Learning disability and mental health nursing will both require significant boosts to the workforce, as part of plans to create tens of thousands of additional clinical posts in the next 10 years, the head of the national workforce body has told Nursing Times.
In draft workforce plans unveiled yesterday by Health Education England, it was highlighted that, while the overall number of nurses working in the NHS had gone up in the past five years, the size of the NHS’s learning disability and mental health nursing workforce had decreased.
Between 2012 and 2017, the number of learning disability nurses working in the health service decreased by 1,061, and the number of mental health nurses fell by 2,824 during the same period, said the report.
In March of this year, 16% of learning disability posts in the NHS were empty, and 14% of mental health nursing jobs were vacant.
“We need more nurses working in the mental health environment”
HEE chief executive Ian Cumming said that, while the plans did not include specific targets for the number of nurses needed in the NHS over the next decade, the entire workforce would need to grow – particularly learning disability and mental health nurses.
He noted that HEE’s Mental Health Workforce Plan, launched in August, had already estimated that 19,000 new mental health staff would need to be employed by 2020 alone, and this would include nurses.
“We need more nurses working in the mental health environment, we also need psychological therapists, psychologists and psychiatrists. We need to grow that entire workforce,” he said.
Meanwhile, Professor Cumming told Nursing Times it had been “extraordinarily difficult” to attract people into learning disability nurse training in the past few years.
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To understand how to increase the number of nurses working in this field, he highlighted that HEE and NHS England were investigating the reasons for fewer people applying for training.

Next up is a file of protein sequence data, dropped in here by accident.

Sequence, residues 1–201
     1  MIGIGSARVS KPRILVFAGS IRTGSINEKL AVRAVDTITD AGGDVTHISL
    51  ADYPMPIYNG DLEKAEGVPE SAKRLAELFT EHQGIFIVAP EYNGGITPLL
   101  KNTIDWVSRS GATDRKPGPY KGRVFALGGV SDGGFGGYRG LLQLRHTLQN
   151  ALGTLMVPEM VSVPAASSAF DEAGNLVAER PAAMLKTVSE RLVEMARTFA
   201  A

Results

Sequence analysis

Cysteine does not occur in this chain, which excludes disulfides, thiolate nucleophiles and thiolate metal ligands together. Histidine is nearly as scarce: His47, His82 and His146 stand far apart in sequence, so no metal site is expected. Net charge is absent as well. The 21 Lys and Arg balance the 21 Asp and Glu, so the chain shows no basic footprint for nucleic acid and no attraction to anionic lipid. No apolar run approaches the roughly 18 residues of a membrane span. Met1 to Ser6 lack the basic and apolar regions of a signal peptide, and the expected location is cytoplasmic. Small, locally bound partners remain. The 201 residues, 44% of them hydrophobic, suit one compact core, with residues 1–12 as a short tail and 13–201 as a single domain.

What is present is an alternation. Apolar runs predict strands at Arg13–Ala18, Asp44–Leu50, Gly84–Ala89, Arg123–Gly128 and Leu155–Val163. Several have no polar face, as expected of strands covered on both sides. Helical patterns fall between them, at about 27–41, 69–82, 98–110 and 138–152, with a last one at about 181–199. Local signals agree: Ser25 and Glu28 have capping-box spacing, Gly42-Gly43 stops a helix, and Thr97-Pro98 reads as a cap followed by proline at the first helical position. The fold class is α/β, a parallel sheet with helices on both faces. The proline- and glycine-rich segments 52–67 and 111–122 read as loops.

“We think in part it is because as we have increasingly changed the care model for people with learning disabilities – from being in institutions and hospitals to people being cared for in the community – the role has changed a lot,” he said.
He suggested the specialty was not as widely understood by the public as other fields were, such as adult or children’s nursing.
HEE and NHS England were, therefore, reviewing the nursing workforce – and what role allied health professionals would play in the future – to help inform decisions about how many learning disability nurses needed to be trained over the next decade, he said.
The new report estimated that the NHS will require 190,000 extra clinical posts by 2027, if nothing was done to reduce demand through service changes or improved productivity.
“We know the main driver for retention is improving flexibility of employment”
It outlines the steps being taken to increase the number of new staff in training to join the NHS in the next decade, such as the introduction of nursing associates.
The 25% increase in funding for placements for student nurses in 2018 would have a “major impact” on creating some of the potential 190,000 extra posts, said Professor Cumming. But action was needed to hold onto existing nurses and other staff, he said.
“It’s important to stress any changes we make in training nurses will not have an effect for four years,” he said. “The issues that need to be addressed now to make a difference are around keeping the workforce we currently have through a focus on retention – and we know the main driver for that is improving flexibility of employment.”
As revealed by Nursing Times yesterday, he acknowledged that some of the recent 60% cuts to HEE’s continuing professional development funding would need to be reversed as part of efforts to hold onto nurses working in the NHS.
Other immediate action included bringing back former nurses through HEE’s return to practice campaign and recruiting nurses from abroad by offering them training in the NHS while they work.